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A Question For The Cycling Purists…


January 2012

I have it on good authority that  I’m not supposed to wear a camelbak or a back pack while I’m cycling according to Rule #32.  In addition,  according to Rule #29 I’m not even supposed to have a saddle bag (because all of my emergency gear is supposed to go in my jersey pockets – Rule #31).  In fact, according to said rule #32, there is no discussion to be had on exceptions to the rule…

So here’s the question:  If one was to not just wuss out with a 30 mile ride on a nice summer’s day but throw in a ten mile run and a little swimming in between two 15 mile rides, exactly how is one to get one’s jammer and running shoes to the running club.  Now I’m not looking to upset the applecart here, and to tell the truth, I’m going to do what I’ve got to do to get my Saturday miles in regardless (which means wearing a back pack with my running shoes and jammer in it on my ride to the running club)…  In fact, my LBS guru Matt, who is every bit the cyclist, even recommended the back pack when I presented him with my conundrum (because a saddle bag large enough to carry a pair of shoes doesn’t exist).  Now, my problem is that a back pack is unnecessarily big, so I bought a Lake and Trail Camelbak that is just big enough to carry my shoes and swimwear and doesn’t get in the way of comfortably cruising down the road.

So, cycling purists, can I get a ruling?


PS:  Read the rest, they’re hilarious.


  1. Honestly, I think those rules are a bunch of crap. It makes cycling seem like one big “cool kids club” where there’s these rules that you must follow to be included. That’s not what cycling is all about. Cycling is about having fun. Cyclists should be there for each other to help out the new guys who don’t know as much, and not chastise them for doing things a certain way. Sure, it’s nice to look good while riding a bike, but having to think about rules and such really isn’t cool. If you’re comfortable wearing that stuff, do it. Don’t bother with those rules and I guarantee you will be much happier.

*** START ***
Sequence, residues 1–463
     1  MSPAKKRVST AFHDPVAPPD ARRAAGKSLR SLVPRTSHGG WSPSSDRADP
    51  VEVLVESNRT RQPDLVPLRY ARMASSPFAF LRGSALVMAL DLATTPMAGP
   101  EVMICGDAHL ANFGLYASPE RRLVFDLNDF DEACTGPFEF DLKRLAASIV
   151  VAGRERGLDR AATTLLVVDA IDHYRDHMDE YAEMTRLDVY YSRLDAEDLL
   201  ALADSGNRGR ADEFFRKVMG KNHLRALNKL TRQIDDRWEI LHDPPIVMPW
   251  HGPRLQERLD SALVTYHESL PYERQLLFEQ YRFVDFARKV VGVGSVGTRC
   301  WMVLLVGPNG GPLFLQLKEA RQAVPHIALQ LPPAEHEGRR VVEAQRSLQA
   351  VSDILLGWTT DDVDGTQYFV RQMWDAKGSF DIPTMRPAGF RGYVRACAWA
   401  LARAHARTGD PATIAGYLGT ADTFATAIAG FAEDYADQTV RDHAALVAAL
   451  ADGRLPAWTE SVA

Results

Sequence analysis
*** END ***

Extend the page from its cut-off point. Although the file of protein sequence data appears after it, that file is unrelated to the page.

2. bgddyjim says:

    I couldn’t agree more, I break a goodly amount of them (The only place for Mountain Biking shoes is on a Mountain Bike would be one – hell, if I could afford a set-up for both sports I surely would, but now you’re talking some serious dough and then I’ve gotta outfit the wife and kids too?).

    I didn’t have any problems when I was just mountain biking, I’d just flip my pedals and wear my running shoes down there, but then I got the Cannondale and found out that I’m a roadie and everything got messed up… In fact, the first time I rode my Cannondale down to the running club I didn’t have a back pack so I had to use my daughter’s… Betty Boop Leopard Print. Let’s just say you could see me coming from a mile away. Cycling is all about visibility. Me and the boys had an awesome laugh about it too. Ah, the joys of being a dad.

  3. John says:

    Well, I beg to differ… I like those rules and agree, that they do make it seem like cycling is a cool kids club and you have to conform to be a part of it. That’s how you learn in the big league… Just like everything else – there’s an everyday way of doing things and then there’s the ‘accepted’ way of doing things by others that have done the hard yards. I would’nt worry about it… Given the fact that you are running and swimming, indicates that you may actually be a closet triathlete and not a cyclist, so those rules won’t apply to you anyway!

    Having said that, I do wear a backpack on my way to work, and still show my face in club rides on the weekends 🙂

    • bgddyjim says:

      I am a little more than a closet triathlete. When I wrote that post the previous summer’s training consisted of an Olympic length tri every Saturday… I changed quite a bit this past summer to a much more cycling specific regimen.

      That said, I rode with the advanced group all summer long… They all, but one, have saddle bags, and one of the well respected guys wears a Camelbak.

      In short, I can follow the linked cycling rules and still do as the Romans do when I’m in Rome – so to speak.

      Thanks for the input.

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